Hurricane Dorian, the strongest recorded hurricane to ever hit the Bahamas, has left tens of thousands of people on the islands of Grand Bahama and Abaco without food, roofs, transportation and communication. But many of the other islands in the archipelago were spared and remain welcome to tourists.
Joy Jibrilu, the director General of the Bahamas Ministry of Tourism & Aviation, says people can help with Dorian relief efforts by continuing to vacation in those parts of the Bahamas.
"If you continue with your vacation, you are helping Bahamians with the economy," she said on Sundial.
Since the weekend, Jibrilu and her team in Nassau, the capital of the Bahamas, have been gathering donations and supplies to send to her tourism partners on the northernmost islands. She joined Sundial from the city's command center to talk about the early stages of rebuilding in the wake of Dorian.
This has been edited lightly for clarity.
WLRN: The Bahamas greatly depends on tourism as part of its economy. I'm wondering if you have begun conversation with tourism agencies about visits and voluntourism?
JIBRILU: We're definitely engaged with our tourism partners in getting the message out and the message is two-fold: The Bahamas is an archipelago and made up of so many islands and while two of our major islands have been impacted the rest of the Bahamas does remain open. People can help by continuing to come to vacation in the Bahamas. If you continue with your vacation, you are helping Bahamians with the economy. So getting the message out that there was total devastation on two of our islands but balancing that out with the need for life to go. This will help us be sufficiently empowered to do what we need to do to help our fellow Bahamians.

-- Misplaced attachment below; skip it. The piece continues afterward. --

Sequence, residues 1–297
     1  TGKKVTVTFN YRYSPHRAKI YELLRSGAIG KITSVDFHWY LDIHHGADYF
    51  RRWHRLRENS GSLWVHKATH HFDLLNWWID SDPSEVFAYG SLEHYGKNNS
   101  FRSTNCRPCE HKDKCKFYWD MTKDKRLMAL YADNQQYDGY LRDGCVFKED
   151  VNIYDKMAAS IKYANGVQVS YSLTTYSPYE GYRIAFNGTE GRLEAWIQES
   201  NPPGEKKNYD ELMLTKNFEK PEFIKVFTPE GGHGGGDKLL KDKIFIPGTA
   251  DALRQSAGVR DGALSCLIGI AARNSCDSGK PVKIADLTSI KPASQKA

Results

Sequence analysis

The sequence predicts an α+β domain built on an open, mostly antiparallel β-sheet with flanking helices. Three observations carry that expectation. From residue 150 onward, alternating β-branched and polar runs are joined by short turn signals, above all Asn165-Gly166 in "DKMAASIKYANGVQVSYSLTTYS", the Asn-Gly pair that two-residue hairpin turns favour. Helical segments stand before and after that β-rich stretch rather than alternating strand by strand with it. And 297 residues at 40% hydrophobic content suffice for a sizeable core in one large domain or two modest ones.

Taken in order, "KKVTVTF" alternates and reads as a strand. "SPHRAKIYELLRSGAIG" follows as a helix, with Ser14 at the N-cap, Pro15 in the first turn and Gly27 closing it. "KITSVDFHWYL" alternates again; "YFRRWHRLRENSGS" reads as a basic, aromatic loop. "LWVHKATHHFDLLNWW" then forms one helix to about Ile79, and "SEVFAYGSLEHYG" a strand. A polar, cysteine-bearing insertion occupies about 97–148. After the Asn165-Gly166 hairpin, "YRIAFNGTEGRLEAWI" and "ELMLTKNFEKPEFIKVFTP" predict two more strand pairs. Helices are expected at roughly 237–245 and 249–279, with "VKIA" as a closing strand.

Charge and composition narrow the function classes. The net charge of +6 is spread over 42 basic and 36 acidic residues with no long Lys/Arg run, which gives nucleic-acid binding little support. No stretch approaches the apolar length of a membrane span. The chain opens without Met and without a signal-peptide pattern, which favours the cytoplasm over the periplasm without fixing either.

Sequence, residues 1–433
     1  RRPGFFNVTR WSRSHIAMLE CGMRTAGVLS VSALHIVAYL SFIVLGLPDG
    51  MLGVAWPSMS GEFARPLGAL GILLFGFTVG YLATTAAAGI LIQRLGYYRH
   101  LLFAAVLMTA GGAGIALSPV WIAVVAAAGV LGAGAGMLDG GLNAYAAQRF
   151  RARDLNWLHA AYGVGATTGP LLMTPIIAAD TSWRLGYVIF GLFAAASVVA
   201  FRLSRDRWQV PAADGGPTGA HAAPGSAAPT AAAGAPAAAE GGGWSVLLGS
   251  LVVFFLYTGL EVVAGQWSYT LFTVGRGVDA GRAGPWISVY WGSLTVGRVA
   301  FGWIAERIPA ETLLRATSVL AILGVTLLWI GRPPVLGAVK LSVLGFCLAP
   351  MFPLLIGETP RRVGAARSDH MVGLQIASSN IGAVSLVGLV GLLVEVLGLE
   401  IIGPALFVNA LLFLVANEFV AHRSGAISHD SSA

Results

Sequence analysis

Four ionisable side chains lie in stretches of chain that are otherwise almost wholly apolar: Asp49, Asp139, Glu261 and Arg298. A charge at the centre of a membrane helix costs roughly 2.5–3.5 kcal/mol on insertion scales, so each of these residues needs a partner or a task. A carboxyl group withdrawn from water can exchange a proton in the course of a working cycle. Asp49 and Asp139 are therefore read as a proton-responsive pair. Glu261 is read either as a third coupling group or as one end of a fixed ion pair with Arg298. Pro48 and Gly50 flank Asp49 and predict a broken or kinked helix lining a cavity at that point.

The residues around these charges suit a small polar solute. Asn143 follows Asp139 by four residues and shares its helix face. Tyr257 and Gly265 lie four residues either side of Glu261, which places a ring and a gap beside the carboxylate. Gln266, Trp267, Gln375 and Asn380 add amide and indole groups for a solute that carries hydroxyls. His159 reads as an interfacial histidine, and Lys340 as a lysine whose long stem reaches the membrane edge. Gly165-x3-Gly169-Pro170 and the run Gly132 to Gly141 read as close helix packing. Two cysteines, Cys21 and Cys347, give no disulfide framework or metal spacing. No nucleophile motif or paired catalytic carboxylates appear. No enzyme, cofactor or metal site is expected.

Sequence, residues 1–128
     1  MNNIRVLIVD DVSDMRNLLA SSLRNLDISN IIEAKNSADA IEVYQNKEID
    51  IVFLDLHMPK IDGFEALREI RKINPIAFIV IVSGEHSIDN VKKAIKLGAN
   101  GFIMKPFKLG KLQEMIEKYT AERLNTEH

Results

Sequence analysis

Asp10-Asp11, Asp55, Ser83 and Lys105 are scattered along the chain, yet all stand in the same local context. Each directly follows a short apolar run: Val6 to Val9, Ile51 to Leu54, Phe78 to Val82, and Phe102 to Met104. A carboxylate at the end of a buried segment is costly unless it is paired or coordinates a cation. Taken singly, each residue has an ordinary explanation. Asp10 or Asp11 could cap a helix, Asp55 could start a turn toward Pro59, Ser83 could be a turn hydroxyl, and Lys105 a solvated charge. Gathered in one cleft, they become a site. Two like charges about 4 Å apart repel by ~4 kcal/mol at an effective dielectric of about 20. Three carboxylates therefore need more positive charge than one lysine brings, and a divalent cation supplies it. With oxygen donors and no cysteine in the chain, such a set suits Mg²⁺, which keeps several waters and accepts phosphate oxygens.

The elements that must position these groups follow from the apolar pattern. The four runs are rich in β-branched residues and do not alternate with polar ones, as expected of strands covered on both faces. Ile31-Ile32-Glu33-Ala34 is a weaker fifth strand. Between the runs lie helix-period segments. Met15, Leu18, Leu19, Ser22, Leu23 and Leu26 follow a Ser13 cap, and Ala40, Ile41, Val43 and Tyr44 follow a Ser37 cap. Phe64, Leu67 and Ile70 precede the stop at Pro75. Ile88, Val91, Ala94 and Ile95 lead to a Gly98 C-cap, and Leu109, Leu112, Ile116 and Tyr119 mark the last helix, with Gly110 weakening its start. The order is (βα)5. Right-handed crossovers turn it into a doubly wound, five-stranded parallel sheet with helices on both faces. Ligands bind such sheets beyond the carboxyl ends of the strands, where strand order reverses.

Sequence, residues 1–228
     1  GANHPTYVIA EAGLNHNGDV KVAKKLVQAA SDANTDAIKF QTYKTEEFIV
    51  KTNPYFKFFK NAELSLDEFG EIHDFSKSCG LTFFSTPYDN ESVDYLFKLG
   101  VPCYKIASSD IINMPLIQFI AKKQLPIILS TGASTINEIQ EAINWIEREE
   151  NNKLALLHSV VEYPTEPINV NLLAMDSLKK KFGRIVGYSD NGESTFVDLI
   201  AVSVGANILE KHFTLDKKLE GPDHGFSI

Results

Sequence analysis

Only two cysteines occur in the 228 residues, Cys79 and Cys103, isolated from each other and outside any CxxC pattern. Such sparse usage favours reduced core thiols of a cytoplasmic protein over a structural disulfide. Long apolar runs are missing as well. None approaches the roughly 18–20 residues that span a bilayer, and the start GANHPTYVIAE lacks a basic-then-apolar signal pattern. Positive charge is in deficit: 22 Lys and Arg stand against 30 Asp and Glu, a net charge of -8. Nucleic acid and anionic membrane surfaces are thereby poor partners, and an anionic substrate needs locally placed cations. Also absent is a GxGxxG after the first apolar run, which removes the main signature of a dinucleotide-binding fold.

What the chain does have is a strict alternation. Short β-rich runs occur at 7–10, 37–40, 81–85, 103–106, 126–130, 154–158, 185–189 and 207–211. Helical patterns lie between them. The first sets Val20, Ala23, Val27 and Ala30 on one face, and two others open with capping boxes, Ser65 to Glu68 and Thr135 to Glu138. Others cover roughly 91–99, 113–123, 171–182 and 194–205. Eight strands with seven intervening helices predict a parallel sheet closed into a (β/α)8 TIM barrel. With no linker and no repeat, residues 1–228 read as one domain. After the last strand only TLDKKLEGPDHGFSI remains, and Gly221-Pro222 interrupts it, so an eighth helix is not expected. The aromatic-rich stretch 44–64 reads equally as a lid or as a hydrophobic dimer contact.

We move into a century where we're expecting more frequent storms and more powerful storms. Is that a concern that it could harm the ability for the Caribbean to survive on tourism?
One of the things that we're looking at is how do we build more sustainably. How do we learn from these experiences and ensure that resorts in particular are built away from coastlines and built to the levels they need to sustain such winds. I don't think it's just specific to the Bahamas or the Caribbean. We are so close to Florida and it truly is by the grace of God that Florida was spared. And so all of us have to sit down at the table and have these very real conversations as to the future of how we plan for the future and how do we do it without sounding so grim that we frighten the daylights out of people. But do it responsibly and with a conscience and achieve the desired outcomes for everyone.
How do the stories you've heard play out in in the process of rebuilding?
Children who need to get back into school. People who need to get to work because it's long term and they still need the dignity of having a job to be able to support themselves and their family. But at the same time they need a meal. They need a place where they can have a simple bath and brush their teeth. They need clean clothes. When we give clothes we often forget that includes underwear. People have lost their shoes and we've gone through this before and I got a message from someone saying no one has said shoes and there's no one in the community that has a pair of shoes. And so there's every single thing that you could imagine that needs to be done to help rebuild lives and communities and islands.